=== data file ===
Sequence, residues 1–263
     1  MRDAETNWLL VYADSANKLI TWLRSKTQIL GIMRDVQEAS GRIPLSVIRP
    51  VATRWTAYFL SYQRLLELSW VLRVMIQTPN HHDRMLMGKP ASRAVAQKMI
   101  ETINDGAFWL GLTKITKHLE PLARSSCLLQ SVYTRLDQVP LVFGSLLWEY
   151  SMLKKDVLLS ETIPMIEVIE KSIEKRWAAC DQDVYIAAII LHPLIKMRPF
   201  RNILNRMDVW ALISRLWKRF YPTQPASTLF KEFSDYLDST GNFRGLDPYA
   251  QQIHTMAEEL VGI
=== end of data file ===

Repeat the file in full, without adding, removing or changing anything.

Sequence, residues 1–263
     1  MRDAETNWLL VYADSANKLI TWLRSKTQIL GIMRDVQEAS GRIPLSVIRP
    51  VATRWTAYFL SYQRLLELSW VLRVMIQTPN HHDRMLMGKP ASRAVAQKMI
   101  ETINDGAFWL GLTKITKHLE PLARSSCLLQ SVYTRLDQVP LVFGSLLWEY
   151  SMLKKDVLLS ETIPMIEVIE KSIEKRWAAC DQDVYIAAII LHPLIKMRPF
   201  RNILNRMDVW ALISRLWKRF YPTQPASTLF KEFSDYLDST GNFRGLDPYA
   251  QQIHTMAEEL VGI